What we’re really doing is working to decolonize the way participants see and interact with their landscape—so that they, too, can have a relationship with what has permitted us to be and remain Tewa. Through an immersion-based approach, it is the goal of the Tewa Language Department during the program to teach fundamental phrases in the language, such as, “What is this?”, along with various names of plants and their traditional uses, helping to convey the relationships that transcend the human realm and tie all living beings to one another. So, “What is this?” It’s awesomeaceae.
Returning to the Cibola National Forest
by María Leonor Rodríguez
For our second educational session of the summer, we revisited Cibola National Forest near Albuquerque for the first time since 2019, in the hopes of exploring new sites and widening our reach to teens in the area.
We taught in forest sites along the Sandia Crest Scenic Byway. Some of the sites we visited included the Sandia Crest, Cienega Picnic Area, Capulin Springs, Elena Gallegos Open Space and the Ranger Station. Students got the opportunity to engage with and notice changes in plant communities as we ascended the mountain. These changes in the landscapes offered spontaneous learning opportunities, as well as space to generate hypotheses and think critically about our environment. A big highlight of the week were our botany walks and hikes—where teens got to explore the forest in a more unstructured way and learn about the native plants in the area. During these walks, students also tested each other’s knowledge about the plant families they had been learning about throughout the week—and used their newfound skills to identify different plants along the trail.
We rely heavily on our community partners in conservation to make this program meaningful and possible. Throughout the week, we were joined in the field by conservation experts that offered lessons and activities related to their area of expertise. One highlight was the netting activity led by Kristin Birdshire, a bee expert, who introduced us to the world of pollinators and how scientists study them in the field!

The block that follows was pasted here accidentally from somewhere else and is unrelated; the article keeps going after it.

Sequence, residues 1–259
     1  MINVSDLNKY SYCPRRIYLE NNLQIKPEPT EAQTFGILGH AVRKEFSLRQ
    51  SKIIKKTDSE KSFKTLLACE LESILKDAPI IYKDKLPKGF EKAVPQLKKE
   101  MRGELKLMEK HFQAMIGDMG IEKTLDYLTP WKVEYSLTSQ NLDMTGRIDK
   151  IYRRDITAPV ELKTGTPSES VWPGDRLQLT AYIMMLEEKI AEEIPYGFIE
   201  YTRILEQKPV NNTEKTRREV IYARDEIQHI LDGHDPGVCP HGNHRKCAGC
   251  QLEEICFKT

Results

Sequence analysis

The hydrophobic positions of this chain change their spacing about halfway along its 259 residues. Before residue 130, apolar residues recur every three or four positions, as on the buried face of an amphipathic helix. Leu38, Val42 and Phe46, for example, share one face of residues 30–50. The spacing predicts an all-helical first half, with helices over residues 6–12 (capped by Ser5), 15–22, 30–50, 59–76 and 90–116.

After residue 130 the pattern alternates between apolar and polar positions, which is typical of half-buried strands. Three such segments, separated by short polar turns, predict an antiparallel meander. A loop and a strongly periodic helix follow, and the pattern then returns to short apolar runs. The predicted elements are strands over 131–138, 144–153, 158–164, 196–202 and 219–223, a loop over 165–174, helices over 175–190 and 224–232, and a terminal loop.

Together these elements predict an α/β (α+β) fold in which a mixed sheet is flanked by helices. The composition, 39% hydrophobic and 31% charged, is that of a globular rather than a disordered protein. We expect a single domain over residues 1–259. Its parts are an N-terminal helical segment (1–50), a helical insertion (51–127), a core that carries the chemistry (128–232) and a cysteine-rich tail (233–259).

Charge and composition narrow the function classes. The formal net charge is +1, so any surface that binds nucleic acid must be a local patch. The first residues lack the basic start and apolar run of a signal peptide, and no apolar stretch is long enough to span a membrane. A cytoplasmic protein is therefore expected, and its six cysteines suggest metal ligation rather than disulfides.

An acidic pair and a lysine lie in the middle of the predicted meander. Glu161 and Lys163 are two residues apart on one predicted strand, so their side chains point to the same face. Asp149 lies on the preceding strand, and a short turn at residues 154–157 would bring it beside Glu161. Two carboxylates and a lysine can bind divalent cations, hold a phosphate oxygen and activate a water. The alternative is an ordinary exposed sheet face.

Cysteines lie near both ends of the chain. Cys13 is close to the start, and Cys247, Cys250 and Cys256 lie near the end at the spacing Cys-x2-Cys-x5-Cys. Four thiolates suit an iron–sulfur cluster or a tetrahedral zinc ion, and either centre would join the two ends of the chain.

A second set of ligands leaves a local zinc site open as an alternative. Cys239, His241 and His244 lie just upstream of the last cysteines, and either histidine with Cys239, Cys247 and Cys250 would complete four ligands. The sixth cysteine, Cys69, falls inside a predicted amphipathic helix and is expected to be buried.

Other mentor-led activities included: botany walks with IAE ecologists, restoration efforts with the Ciudad Soil and Water Conservation District at the Tijeras Creek Rehabilitation Project, seed collection activities with the New Mexico State Office of the Bureau of Land Management seed crew, and an eco-herbalism & cooking lesson from Sara Digby of Artemisia Herbs. These mentors offer invaluable knowledge to our students and an opportunity to explore the different dimensions of conservation and ecology, all in the hope that students will feel inspired to participate as they grow older.
Among many things, our programs this summer reminded us of the importance of building community and connections to the land as the foundation for ecological knowledge and environmental literacy. Reconstructing the way we interact with ecological systems through languages, games, and culturally-relevant outdoor experiences allowed us to cultivate curiosity, trust, and immersion in nature, while understanding the environment, plants and ecosystems we encountered at a deeper level.